Do cats carry lice?

Internal and external parasites are common concerns of pet parents. Aside from the immense discomfort these parasites cause the pet, infestation can also lead to various health concerns. Most cat owners have dealt with the need to eradicate fleas, ticks and mites as these are common octoparasites of cats. Although uncommon, cats can have another kind of creepy crawlies on their furs. Lice are another kind of external parasites that a cat can carry.

Lice can affect all living creatures. There are different subtypes of lice as these parasites are “host specific” which means that the type of lice that thrive on the dog’s fur cannot infect other animals. The lice humans have would not thrive on dogs and on other animals. The lice cats have are wingless small insects that usually have white or pale yellow bodies and brownish colored heads. The eggs of lice are called nits. These white rice grain-shaped eggs are firmly attached to the shaft of the cat’s hair. By parting the hair of a lice infested cat, the owner would see the nits in groups. Lice are small but they can be easily seen by the naked eye. These parasites are slow moving and often mistaken for dandruff. There are three kinds of lice – one is blood sucking and the other two are biting. The biting kinds are less harmful but irritating as they feed on dead skin. The blood sucking kind would dig into the host’s skin and feed on the blood. The lice that commonly infest cats are the biting type known as Felicola subrustratus. Lice infestation is not very common in cats probably because of the fastidious grooming habits of these animals. Lice infestation is more common in stray cat colonies or in outdoor pets as these animals have high opportunities to have direct contact with infested cats. Cats with poor health, cats with improper nutrition, very old and very young cats are at greater risk for lice infestation.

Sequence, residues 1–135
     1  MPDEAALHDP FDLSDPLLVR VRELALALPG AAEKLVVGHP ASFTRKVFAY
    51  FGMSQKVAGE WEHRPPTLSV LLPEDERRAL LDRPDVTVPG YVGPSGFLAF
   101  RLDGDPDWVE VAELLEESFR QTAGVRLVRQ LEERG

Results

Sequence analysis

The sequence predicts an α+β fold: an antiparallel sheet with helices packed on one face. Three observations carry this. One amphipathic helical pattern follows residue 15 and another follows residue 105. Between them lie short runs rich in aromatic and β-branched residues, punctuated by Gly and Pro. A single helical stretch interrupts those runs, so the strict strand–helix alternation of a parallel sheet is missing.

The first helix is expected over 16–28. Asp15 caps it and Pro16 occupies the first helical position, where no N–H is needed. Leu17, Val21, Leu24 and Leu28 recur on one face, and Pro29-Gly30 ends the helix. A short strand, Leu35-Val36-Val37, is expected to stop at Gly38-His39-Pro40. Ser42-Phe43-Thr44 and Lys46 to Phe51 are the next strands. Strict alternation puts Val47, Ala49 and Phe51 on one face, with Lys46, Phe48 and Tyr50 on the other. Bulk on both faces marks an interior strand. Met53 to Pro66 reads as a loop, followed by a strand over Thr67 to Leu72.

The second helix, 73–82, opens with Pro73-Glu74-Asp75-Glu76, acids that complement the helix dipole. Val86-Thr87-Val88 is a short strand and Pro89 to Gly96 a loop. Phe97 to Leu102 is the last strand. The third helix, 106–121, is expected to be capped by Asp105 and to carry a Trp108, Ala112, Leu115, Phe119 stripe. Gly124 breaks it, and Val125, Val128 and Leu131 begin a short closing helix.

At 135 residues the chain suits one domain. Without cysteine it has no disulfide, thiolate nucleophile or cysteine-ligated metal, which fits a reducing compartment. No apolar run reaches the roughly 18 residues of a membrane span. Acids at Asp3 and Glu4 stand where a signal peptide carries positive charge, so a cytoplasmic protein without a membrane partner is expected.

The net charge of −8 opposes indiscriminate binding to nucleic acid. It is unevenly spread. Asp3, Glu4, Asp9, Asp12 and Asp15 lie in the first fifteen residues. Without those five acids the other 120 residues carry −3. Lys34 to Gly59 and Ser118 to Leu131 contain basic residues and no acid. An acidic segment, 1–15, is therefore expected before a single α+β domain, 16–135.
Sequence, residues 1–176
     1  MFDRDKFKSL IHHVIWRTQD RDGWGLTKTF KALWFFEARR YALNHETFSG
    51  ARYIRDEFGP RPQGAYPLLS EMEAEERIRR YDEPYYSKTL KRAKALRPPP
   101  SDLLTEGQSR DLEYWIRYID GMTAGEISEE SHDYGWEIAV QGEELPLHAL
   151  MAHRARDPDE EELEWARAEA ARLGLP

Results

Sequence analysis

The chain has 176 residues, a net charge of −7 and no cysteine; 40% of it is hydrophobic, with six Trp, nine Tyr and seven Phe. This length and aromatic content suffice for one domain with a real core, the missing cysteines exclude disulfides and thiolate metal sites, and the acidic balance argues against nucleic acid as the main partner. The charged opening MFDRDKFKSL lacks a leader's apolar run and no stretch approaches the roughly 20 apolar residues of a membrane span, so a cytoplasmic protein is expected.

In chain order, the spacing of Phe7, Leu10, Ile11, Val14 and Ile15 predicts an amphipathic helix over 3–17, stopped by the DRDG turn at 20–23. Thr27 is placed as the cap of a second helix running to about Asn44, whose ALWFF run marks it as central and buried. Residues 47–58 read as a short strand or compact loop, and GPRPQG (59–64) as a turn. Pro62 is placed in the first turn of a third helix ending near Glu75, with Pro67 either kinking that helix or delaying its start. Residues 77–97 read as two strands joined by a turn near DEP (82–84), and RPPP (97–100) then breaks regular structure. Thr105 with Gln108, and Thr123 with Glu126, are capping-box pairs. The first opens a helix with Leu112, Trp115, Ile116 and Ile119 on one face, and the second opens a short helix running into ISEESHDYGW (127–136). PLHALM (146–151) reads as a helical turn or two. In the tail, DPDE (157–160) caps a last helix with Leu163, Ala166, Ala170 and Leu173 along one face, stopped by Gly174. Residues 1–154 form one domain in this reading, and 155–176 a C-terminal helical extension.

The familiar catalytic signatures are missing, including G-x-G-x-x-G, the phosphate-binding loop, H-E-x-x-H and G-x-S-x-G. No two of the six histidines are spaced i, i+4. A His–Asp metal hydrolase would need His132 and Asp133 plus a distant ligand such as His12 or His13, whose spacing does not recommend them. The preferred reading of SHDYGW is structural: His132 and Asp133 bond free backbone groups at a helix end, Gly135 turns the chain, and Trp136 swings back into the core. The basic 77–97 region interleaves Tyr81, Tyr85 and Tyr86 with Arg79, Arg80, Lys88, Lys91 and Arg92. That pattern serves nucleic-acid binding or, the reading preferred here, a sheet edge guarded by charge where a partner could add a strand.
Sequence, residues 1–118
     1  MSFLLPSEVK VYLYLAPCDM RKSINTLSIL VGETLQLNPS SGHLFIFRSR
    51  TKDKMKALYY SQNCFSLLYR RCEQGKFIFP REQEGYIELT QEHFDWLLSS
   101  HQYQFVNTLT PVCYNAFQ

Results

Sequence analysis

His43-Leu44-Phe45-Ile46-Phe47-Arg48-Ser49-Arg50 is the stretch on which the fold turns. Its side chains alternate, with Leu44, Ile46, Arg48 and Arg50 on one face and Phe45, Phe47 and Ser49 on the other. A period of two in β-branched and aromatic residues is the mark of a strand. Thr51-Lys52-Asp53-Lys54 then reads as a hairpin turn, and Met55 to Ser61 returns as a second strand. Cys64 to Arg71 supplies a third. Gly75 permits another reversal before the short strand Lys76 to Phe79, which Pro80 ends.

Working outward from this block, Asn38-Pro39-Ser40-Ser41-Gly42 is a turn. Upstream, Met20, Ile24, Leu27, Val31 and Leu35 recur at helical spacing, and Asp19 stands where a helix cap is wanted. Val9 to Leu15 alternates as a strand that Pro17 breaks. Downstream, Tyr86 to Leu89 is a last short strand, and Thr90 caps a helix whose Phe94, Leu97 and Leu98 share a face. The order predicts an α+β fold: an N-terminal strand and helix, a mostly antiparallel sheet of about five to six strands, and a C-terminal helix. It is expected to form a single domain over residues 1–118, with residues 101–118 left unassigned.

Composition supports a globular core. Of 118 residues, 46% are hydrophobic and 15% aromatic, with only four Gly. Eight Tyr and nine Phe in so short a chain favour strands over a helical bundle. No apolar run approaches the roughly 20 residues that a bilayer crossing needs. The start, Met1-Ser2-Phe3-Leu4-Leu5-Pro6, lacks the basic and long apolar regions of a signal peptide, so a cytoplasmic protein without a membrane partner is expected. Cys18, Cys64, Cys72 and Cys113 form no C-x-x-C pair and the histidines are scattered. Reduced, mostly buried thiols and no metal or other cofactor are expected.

Cat lice can be transmitted through direct contact. Cats that play and groom each other would easily spread the infestation. Lice can be passed on from an infected cat to another through the use of grooming tools. Brushes and fine toothed comb used to groom lice infested cats can pick up the parasites. Lice infestation would spread if the grooming tools are used on other cats. Adult lice as well as eggs and nymph can be picked up by another cat that used the beddings and the cage of an infested cat.

A cat that is infected with lice would have a dry and scruffy looking coat. Bloodsucking lice would cause immense itching. Incessant biting and scratching can result to bleeding bald patches that can get infected. A cat severely infected with bloodsucking lice would have pale gums…a sign that the cat is already suffering from anemia.

Cats are known for their inclination to groom but cats infested with external parasites would groom the fur more excessively. Most lice infestations in cats tend to be mild. Cats spend long hours grooming the fur thus adult lice and nits are oftentimes removed by the cats themselves. A cat parent would have to do a good deal of lice hunting on the cat’s coat although the nits can be easily seen and removed. Cat lice can be eradicated by the same products used to resolve flea infestation. As mentioned, lice that infect cats are different from the lice that infest humans. Cat owners must not use human lice medication on the pet. Any kind of external parasite infestation can be prevented with regular grooming. Owners must carefully check the pet’s fur every grooming session.